What to Consider Before Decommissioning Legacy Applications

By Amanda Maxwell

 Most companies still use one or more legacy applications – applications that have been in use for a long time but are now out of date. These applications may still do the job, but sometimes they cause more problems than they’re worth. It’s wise to periodically review legacy applications. Determine whether they are still valuable, if they support modern security measures, and whether they are compliant with legal or medical regulations. Otherwise, you might consider decommissioning those applications.

First of all, you need to look for the signs that an application should be retired. Bear in mind that people like to cling to systems they see as “working,” often to the point of not realizing how much better a new system can be.

Signs That You Should Remove an Application

  1. Nobody is actually using it. Poll your employees or use IT monitoring to see when an application was last used. If nothing and no one uses the application, then it’s safe to retire it ASAP and save resources.
  2. You already have a replacement ready.  You may find during your project scoping that you actually have two applications doing the same job. When comparing the two, consider making an application flowchart to help you spot duplicated content. After thorough evaluation, decide which application is most efficient, train employees to use it, and eliminate the other. Employees need advanced warning when an application is slated for retirement, since they'll need the information to migrate any data to the replacement.
  3. It crashes more often than it works. If employees complain that an application is unstable, then it needs to be recoded or replaced. Talk to IT staff about which option is best for that particular application. If it happens to be a commercial application which is no longer supported by the vendor, you should consider replacing it.
  4. It doesn’t support modern demands. These days, enterprises must be responsive to customers who need to check information quickly – often on a phone or tablet. If your databases or other customer-support systems don’t have reliable support for mobile applications, there may be a huge missed business opportunity. Keep in mind that many people use their own phone or tablet for work, so avoid using commercial software that leans too strongly towards one particular mobile OS.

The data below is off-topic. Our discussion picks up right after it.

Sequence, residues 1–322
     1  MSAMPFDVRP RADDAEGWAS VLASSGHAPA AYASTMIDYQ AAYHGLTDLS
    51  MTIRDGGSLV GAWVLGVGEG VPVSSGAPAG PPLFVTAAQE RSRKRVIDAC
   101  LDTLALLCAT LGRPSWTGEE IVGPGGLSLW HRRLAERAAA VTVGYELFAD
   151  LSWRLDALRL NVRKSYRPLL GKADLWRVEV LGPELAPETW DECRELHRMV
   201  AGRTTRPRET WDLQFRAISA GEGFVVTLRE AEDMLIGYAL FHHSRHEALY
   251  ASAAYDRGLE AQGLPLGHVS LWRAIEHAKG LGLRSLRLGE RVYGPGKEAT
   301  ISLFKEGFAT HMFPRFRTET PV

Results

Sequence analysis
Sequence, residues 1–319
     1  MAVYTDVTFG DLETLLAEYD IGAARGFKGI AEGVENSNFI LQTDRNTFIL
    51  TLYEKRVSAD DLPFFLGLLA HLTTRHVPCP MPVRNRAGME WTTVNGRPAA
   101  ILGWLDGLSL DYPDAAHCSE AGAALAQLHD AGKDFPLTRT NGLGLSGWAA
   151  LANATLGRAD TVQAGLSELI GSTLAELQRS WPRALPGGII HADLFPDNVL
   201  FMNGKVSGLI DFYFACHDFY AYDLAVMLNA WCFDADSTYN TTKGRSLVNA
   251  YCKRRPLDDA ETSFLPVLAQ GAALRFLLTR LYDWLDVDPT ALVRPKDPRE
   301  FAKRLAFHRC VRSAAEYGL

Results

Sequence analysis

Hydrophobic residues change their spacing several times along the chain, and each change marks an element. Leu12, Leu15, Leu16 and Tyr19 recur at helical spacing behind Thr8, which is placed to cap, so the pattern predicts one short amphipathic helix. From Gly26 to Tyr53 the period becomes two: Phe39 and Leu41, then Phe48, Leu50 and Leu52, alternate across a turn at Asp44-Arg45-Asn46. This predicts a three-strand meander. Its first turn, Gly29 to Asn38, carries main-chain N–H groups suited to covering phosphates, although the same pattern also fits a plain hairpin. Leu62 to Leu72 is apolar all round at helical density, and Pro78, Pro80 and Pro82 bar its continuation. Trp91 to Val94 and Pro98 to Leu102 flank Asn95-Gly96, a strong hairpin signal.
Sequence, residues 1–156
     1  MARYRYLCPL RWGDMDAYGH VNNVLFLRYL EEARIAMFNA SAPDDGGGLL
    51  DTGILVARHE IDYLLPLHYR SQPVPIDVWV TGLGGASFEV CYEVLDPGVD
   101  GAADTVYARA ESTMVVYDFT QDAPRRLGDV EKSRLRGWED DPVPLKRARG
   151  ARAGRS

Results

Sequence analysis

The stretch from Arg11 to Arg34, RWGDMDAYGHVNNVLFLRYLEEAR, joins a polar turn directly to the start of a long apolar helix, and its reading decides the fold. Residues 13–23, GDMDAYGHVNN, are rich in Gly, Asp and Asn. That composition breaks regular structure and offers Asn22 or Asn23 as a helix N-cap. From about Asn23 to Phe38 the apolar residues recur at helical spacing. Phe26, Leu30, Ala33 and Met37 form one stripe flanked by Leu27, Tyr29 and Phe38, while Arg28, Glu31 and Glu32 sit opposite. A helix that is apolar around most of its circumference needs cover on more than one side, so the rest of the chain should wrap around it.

Other Things to Consider

When updating or decommissioning a legacy application, take a look at overall performance. Measure KPIs before and after replacing a system to determine how much time and money you saved and how quickly the investment will pay for itself. Also, when budgeting or planning application replacement, don’t forget the time needed for your employees to learn their way around the new system.

The next thing to consider is what impact removing the app will have. It might be that the application or component isn’t actually doing anything and it’s safe and easy to remove it. Unfortunately, it’s far more common that a legacy app is still vital to work flow, data flow, or infrastructure. In this case, you will need to replace the application before retiring it. Retiring a legacy application can be a great opportunity to change a work process for the better. Talk to employees that will be impacted by the change, not just in IT, and find out what people really want out of the system.

Don’t forget to consider data migration as a part of application decommissioning. Yes, it can be a process daunting enough to tempt you to keep the legacy system in place, but keeping the old app running just to store data can be very expensive. Instead, consider what data has to be preserved and what can be cleaned out, keeping in mind confidentiality and legal reporting requirements. You may realize you're keeping a lot of data around that you don’t need. Look into information archiving to preserve data you're obligated to keep but seldom access. If you don’t already have a policy for how long you archive data, this is an opportune time to put one together.

If you have an application portfolio that has a lot of legacy applications, take time to run an audit and see if you can retire any. Use application understanding tools to create a plan. Replacing problematic applications will make vital business functions even more efficient. Removing legacy software can be complicated, but it results in improved performance and a much healthier application portfolio.

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Tags: Legacy Applications, Modernization